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The combination of white and fuchsia distressed layered latex paint might be a bit bold for some. No worries. You can use any color combination with this paint technique. This furniture makeover before and after is an easy tutorial.
I have all the details on how to get the two layer paint look. I also made a video showing how I did the distressing and the finishing touches for this project.
Distressed Layered Latex Paint
Multiple layers of paint on furniture are pretty common. Painted furniture has been popular for a while and some pieces have been painted more than once.
A little sanding by hand or using an electric sander can uncover the paint colors hiding under the top layer. Most of the time this distressed layered look is perfection.
I painted a custom piece many years ago and the dresser I painted already had a coat of whitish greenish paint. It was pretty ugly.
The dresser was going in a children’s clothing shop and the client selected a beautiful fuchsia or hot pink paint color as the top coat.
I was recently reminded of this makeover by a reader on Facebook who reached out asking me for the name of the paint color.
That piece was painted just after I started blogging and I wasn’t writing all of the details of the project. Just mainly posting before and after photos…..and those weren’t good.
Anyway, I loved that makeover and thought I would try to recreate it on this chest of drawers. For reference I’ve included a photo of the inspiration piece.
I tried to select a color I thought was close to the original piece but looking at them in the same post they look totally different. Of course the photo of the earlier piece is really bad.
I bought the chest of drawers at an auction. I paid $55 for it. Not a steal, not a deal. Some of you really didn’t want me to remove the oak leaf applique. Sorry. The more I looked at the chest the more I thought about changing it completely. I decided to go for a feminine look.
The oak leaf and the wood handles were definitely leaning toward masculine. I popped that oak leaf off without any trouble using a flat putty knife.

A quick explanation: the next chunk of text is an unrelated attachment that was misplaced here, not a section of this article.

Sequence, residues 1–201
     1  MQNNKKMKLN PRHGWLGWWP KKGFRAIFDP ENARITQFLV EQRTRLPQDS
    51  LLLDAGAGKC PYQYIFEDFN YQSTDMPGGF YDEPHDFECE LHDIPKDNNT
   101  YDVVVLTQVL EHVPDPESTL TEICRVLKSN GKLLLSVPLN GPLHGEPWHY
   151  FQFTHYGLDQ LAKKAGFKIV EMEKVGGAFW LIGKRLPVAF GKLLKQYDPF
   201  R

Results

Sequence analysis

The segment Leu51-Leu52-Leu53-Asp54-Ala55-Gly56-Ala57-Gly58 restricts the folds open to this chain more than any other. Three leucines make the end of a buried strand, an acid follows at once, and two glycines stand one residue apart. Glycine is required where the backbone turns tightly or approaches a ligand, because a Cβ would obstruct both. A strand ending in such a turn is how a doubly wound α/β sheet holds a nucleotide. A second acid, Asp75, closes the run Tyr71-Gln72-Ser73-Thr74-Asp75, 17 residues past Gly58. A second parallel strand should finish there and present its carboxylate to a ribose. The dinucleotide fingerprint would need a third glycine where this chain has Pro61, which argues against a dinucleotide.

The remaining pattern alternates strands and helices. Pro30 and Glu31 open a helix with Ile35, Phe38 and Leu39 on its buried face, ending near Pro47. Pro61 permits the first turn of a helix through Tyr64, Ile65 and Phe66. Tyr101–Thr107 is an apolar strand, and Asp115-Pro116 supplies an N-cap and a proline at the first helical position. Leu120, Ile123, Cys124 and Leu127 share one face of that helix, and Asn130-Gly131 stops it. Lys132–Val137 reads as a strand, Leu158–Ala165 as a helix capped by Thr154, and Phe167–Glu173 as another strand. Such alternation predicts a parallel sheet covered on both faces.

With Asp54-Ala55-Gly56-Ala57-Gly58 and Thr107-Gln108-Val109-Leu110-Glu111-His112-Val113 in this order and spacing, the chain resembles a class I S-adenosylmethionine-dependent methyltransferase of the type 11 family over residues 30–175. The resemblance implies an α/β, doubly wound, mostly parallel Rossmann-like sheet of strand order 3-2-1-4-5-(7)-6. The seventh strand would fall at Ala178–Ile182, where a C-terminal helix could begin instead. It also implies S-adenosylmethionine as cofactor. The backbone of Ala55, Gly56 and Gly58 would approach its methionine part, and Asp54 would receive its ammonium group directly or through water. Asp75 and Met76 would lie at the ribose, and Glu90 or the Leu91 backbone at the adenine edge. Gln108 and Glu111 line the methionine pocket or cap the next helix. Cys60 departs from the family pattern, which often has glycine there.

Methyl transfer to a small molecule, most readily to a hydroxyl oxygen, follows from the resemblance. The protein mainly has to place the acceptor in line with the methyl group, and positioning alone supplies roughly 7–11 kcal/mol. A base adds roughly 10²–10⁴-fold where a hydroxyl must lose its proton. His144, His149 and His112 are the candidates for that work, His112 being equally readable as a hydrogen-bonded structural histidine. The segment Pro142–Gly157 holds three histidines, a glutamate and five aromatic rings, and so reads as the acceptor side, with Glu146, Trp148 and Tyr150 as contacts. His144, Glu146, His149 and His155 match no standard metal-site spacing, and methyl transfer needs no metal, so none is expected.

To get the layered paint finish I started with white primer. I was going to use white as the base color anyway and decided the color of the stain on the chest called for primer. You can see in the photo above that some of the stain did bleed through.
The problem areas were mostly where I removed the original drawer pulls. I sanded those areas pretty well because excess stain had settled around the edges of the pulls. Still don’t know why that would cause the stain bleed in that area. The primer is Glidden Gripper.
The fuchsia color I selected is Very Berry by Glidden. I had it mixed in Behr Premium Plus Ultra eggshell finish.
I don’t think I’ve ever mentioned this in a blog post before but I have the paints mixed in the quart size. That size will do several furniture projects. I buy paint by the gallon only when I run across a pretty can of oops paint.
I used a small sponge roller for this paint job. I normally use a brush. A few years ago I used the foam brushes religiously then got away from them. Don’t know why. They work great.
When the paint is rolled on with the sponge roller it looks like the finish contains tiny, tiny, raised bubbles….but the paint dries smooth.
I needed three coats of the Very Berry to get complete coverage over the white. I usually have this issue with red, pink, and orange paint colors.